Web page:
25 July 2018

Abstract

Art. 7 of the d.l. 152 of 13 May 1991 has introduced into our legal system a sanctioning mechanism whose legitimacy is highly dubious, both in terms of compliance with the major constitutional canons – first and foremost the principle of legal certainty; and in terms of application predictability in relation to the principles expressed by the other art. 7, that of the ECHR. The provision defines an aggravating circumstance whose applicability is unpredictable chiefly because of its generic descriptiveness. As is known, in order to be applicable, the provision presumes the existence either of a “mafia method”, and/or a “facilitation of a mafia-style coterie”. To define ex ante, as the rules would require, what exactly constitutes a “mafia method” is almost impossible. The impossibility is macroscopic when one takes into account that well-established case-law considers the aggravating circumstance as capable of existing despite the existence of a real and proper criminal association: the method without the mafia.

The interpretative and normative framework is no less problematic with regard to the “sub-case” referring to the “facilitation of a mafia-style coterie”: if the mafia-style consortium is supposed to actually exist, a factual reconstructive limbo gapes open. This aspect of the aggravating circumstance is, moreover, partially rivalled by the norms regulating the, so called, “external accessory” (pursuant to art. 110 – 416-bis c.p.); the legislative discipline of which is also entrusted to the unfathomable criteria of causation. As can be imagined, these become literally inscrutable where applied to psychological reconstructions. To find a specific area of applicability, “facilitation” would need to be considered as a lesser degree of “external accessory”. Consequently, regardless of the afore mentioned principles of certainty and predictability, the causative and interpretative basis for application would become even more nuanced. The alternative is, of course, to apply the aggravating circumstance of “facilitation” in addition to that of “external accessory” – with the risk of violating the ne bis in idem principle as well. To make matters worse, this undeniable normative haze is appended with an extremely lax, and easily adaptable, piece of legislation. In both the aforementioned sub-cases, the aggravating circumstance is defined as being “common and with special effect”.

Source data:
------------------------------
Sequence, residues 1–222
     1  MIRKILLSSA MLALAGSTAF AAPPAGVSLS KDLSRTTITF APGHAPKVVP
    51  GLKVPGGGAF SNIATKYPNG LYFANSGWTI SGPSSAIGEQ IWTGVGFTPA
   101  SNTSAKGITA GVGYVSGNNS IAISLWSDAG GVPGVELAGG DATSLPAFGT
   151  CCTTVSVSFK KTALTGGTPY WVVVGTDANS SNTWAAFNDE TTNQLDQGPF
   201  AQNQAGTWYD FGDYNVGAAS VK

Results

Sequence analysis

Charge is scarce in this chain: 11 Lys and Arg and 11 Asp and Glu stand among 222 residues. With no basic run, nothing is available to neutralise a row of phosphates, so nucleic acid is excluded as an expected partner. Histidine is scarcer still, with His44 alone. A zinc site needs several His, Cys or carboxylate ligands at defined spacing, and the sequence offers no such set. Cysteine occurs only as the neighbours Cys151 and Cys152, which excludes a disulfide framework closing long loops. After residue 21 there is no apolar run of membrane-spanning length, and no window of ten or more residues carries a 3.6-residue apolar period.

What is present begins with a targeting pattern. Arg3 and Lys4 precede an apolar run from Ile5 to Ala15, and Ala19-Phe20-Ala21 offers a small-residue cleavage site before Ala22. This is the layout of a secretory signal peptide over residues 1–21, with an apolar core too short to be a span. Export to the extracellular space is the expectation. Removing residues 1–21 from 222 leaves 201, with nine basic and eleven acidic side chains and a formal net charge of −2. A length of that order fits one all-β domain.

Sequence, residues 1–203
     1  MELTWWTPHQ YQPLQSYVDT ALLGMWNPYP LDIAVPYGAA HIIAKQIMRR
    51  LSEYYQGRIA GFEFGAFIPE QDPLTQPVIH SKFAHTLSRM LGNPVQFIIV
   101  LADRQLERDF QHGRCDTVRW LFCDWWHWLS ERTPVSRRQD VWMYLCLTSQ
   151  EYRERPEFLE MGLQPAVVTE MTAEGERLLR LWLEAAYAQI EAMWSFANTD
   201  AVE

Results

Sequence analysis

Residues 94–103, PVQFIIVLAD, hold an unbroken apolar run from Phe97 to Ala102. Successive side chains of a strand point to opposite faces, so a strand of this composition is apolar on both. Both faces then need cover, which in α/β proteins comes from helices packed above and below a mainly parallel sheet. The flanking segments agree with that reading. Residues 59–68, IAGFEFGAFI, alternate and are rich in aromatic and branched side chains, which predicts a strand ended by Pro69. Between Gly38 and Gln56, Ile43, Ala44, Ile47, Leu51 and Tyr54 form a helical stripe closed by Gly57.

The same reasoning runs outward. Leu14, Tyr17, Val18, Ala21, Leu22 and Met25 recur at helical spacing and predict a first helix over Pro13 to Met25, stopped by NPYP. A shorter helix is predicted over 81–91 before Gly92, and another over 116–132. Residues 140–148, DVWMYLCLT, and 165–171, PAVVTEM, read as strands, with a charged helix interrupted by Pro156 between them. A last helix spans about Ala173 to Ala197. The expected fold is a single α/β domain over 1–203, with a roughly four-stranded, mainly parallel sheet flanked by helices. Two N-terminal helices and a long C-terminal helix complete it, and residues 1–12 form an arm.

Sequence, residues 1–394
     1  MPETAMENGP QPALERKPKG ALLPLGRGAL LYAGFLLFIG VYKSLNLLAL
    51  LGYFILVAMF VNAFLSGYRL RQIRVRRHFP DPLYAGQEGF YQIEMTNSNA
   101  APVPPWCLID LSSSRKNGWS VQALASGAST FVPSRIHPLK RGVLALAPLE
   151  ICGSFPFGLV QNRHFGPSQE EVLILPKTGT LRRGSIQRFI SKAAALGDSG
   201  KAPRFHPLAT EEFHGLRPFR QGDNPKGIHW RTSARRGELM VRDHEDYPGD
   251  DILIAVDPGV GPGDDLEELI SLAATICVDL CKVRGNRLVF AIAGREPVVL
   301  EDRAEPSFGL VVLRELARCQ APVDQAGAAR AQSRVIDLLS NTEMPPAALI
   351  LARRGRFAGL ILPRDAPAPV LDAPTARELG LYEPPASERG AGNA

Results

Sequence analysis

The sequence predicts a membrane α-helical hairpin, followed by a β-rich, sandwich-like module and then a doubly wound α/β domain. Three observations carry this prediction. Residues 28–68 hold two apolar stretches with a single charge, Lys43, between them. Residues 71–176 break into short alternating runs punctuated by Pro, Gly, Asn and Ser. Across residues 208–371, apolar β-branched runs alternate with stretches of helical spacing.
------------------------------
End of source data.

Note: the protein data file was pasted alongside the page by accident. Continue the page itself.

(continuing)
Accordingly, its application can distort the legal sentencing parameters of any crime, with devastating results. As regulated, it affects not only on the prison term that can be inflicted, but also on the kind of detention regime to be enforced – especially with regard to measures alternative to incarceration. This constitutes a legal aberration which, given the period of hard-line justice that our country is going through, will not be corrected soon.


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